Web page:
Verdo is to build a power plant for the Senja Avfall waste management company in northern Norway.
The plant will have high built-in flexibility to enable incineration of different types of waste, as well as advanced control, regulation and monitoring for high operational reliability.
Difficult infrastructure and a remote location place high demands on the local energy supply. In Senja Municipality in the northernmost region of Norway, the local waste management company Senja Avfall has decided to invest in a 9.6 MW waste-fired power plant to improve and future-proof the area’s heat and power supply.
The power plant for Senja Avfall will be designed and built by Verdo. In addition to construction of the plant, the agreement covers maintenance of the plant for two years.
Due to the location, the energy supply for the local area is subject to a number of special requirements. Since the idea phase, Verdo has therefore engaged in close dialogue with Senja Avfall about how to mature the project, and this is reflected in the chosen solution.
“We’ve had a very good dialogue with Senja Avfall about exploring different ways of future-proofing the solution and making sure that it meets the specific needs of the local area,” says Bo Johansen, Sales Director at Verdo.
“The plant is based on our waste-to-energy concept, but it’s designed in a new way – partly to meet the need for flexible incineration, partly because they want to combine production with electricity generation, and partly due to a special need for high operational reliability.”
The sparse infrastructure in northern Norway means that Senja Municipality is used to dealing with challenges locally. Therefore, it has been particularly important to design a solution that is carefully tailored to the local situation and one which allows the incineration of many different types of waste from private households, industry and healthcare services.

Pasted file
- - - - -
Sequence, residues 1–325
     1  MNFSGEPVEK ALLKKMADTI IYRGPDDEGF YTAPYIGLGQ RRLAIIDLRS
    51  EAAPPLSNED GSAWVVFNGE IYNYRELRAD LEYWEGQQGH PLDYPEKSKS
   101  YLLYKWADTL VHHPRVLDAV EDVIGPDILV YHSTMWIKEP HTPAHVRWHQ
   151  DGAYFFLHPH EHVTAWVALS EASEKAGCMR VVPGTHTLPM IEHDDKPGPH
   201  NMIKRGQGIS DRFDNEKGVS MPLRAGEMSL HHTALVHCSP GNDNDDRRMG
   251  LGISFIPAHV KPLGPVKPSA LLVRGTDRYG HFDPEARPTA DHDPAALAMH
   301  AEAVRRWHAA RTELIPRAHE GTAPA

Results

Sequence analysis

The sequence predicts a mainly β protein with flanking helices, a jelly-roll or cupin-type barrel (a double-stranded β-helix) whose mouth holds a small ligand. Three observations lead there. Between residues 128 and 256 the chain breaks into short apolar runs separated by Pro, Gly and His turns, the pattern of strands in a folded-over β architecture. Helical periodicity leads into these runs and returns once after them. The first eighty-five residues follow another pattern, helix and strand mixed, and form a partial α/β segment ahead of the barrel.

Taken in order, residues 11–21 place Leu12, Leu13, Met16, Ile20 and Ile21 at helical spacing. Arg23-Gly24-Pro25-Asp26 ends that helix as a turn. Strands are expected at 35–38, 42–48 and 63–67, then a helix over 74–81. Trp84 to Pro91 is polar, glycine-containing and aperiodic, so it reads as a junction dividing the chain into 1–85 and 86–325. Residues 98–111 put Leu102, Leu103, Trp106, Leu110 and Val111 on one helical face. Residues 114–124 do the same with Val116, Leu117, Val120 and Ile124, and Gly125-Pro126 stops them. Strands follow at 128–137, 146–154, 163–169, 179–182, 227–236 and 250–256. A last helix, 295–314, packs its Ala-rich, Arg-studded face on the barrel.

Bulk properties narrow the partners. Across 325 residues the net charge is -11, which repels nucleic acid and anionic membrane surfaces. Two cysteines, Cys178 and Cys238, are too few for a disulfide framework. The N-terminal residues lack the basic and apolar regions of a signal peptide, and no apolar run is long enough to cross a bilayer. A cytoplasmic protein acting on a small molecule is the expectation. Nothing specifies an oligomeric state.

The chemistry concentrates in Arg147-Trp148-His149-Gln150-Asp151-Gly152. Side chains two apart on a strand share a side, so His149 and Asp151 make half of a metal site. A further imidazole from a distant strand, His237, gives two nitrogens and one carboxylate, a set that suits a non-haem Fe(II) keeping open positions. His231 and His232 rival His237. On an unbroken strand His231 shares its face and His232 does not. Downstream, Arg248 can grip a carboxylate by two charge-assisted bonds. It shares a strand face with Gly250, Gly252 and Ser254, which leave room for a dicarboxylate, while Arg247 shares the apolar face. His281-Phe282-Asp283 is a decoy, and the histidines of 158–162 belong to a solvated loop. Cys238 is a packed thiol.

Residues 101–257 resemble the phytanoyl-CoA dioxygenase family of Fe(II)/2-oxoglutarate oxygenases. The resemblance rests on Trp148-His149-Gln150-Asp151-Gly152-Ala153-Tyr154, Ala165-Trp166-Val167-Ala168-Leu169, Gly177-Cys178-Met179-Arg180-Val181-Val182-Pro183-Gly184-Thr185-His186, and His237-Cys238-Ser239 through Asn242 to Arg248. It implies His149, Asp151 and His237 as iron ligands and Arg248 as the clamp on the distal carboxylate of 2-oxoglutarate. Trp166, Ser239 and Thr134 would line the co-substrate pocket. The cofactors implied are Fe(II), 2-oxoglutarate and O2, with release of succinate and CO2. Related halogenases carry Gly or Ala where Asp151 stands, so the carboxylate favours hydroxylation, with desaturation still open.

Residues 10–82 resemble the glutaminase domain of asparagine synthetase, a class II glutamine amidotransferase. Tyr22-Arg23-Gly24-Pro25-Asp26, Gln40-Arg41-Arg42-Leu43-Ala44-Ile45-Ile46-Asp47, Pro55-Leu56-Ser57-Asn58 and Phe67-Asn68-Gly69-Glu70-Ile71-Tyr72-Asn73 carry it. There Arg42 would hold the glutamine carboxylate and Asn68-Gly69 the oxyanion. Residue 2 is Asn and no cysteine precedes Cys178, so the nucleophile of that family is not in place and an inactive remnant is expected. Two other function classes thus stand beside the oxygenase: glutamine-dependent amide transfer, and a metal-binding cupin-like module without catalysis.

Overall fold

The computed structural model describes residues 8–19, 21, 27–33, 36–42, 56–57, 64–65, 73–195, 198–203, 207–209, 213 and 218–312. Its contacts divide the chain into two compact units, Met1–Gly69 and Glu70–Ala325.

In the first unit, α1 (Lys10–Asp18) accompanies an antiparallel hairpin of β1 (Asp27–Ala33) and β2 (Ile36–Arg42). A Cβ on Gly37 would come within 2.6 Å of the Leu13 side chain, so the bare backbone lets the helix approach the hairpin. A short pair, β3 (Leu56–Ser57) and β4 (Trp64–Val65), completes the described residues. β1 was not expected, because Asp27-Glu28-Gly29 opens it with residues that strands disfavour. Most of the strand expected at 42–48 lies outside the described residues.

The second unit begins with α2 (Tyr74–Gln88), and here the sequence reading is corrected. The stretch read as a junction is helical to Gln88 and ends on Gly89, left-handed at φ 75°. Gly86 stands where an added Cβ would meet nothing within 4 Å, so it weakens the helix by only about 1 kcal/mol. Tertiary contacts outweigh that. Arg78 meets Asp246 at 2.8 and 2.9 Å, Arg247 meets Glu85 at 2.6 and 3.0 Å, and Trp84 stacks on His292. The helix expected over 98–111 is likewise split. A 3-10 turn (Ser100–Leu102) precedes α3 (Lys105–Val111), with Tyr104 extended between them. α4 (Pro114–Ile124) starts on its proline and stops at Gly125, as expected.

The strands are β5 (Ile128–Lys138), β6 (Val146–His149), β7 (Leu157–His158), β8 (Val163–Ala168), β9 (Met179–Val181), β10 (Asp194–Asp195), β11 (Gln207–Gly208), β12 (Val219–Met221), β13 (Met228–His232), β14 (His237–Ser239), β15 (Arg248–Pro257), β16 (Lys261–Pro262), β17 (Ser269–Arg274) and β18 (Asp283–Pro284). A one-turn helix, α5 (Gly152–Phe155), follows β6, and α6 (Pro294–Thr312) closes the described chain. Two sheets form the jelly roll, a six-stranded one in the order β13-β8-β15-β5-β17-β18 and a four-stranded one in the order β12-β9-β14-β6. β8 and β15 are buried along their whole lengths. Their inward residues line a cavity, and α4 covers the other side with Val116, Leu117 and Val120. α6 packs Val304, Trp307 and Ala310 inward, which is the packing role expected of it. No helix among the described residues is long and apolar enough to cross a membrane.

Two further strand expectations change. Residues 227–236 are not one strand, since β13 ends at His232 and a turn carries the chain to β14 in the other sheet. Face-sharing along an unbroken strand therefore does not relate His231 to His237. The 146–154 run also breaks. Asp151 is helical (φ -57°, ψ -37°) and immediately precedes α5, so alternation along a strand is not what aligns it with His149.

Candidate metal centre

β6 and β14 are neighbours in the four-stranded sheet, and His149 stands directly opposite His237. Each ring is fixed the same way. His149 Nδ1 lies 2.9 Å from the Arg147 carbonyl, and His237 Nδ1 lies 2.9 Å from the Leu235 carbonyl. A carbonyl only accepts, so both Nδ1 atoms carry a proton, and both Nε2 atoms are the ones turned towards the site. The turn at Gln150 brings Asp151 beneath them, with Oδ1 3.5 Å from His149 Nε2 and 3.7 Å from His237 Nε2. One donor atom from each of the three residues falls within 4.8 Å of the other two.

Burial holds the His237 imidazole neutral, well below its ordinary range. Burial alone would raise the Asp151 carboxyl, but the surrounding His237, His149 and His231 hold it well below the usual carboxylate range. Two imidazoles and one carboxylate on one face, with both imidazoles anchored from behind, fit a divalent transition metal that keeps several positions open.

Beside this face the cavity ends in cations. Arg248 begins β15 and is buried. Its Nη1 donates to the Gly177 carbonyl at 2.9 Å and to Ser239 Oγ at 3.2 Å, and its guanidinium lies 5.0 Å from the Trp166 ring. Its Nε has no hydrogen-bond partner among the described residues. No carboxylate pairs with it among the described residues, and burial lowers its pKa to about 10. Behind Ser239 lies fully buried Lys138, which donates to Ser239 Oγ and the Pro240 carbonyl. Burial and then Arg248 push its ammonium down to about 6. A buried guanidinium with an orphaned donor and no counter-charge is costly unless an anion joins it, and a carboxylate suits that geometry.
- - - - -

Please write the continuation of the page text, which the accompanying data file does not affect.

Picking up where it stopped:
The different types of waste will be handled in a circular system. The waste will first be sorted and fragmented so that all relevant materials are recycled and only the remainder is incinerated. This will ensure the most efficient use of resources.
The geographical location further means that Senja Avfall needs a highly flexible incineration solution. For this type of small, decentralised waste-fired plant, several advanced technologies have been integrated to ensure higher operational reliability, which is usually only possible in larger plants, but which creates value in Scandinavia and in other sparsely populated areas with difficult infrastructure.
“We’ve gone through a thorough process with Senja Avfall, during which they’ve helped identify areas and processes we need to pay special attention to. Many materials and components have been selected to ensure flexibility and high uptime at the plant. There’s a high degree of redundancy, which means that you can turn off parts of the plant while operations continue, because you have extra components for operationally critical parts of the plant,” says Bo Johansen.
To ensure a high level of operational reliability, the waste-fired plant will feature an advanced platform for controlling, regulating and monitoring processes to meet the stricter-than-normal functionality requirements for this type of plant.
Because different materials will need to be incinerated, there is an increased focus on operational monitoring and a need for greater flexibility in controlling and regulating the plant based on the materials that are being incinerated at any given time.
Thanks to a complete software and hardware solution for the control, regulation and monitoring system, and the use of locally supported components, the system is further secured against crashes.
“We’ve designed a control system where more processes than usual are automated and where the hardware is duplicated. In practice, this means that the plant will continue to operate even if some components are out of service. It’s an advanced solution, and we expect to use the experience we have gained in future projects,” says Bo Johansen.
The plant is expected to be completed in 2024.
Senja Avfall collects waste from private households, industry and healthcare services in Senja Municipality in northern Norway.
The power plant is a 9.6 MW waste-to-energy plant with a boiler for incinerating waste and an organic rankine cycle (ORC) machine for producing electricity and district heating for the local area.
The plant will be built in Finsness in Senja Municipality.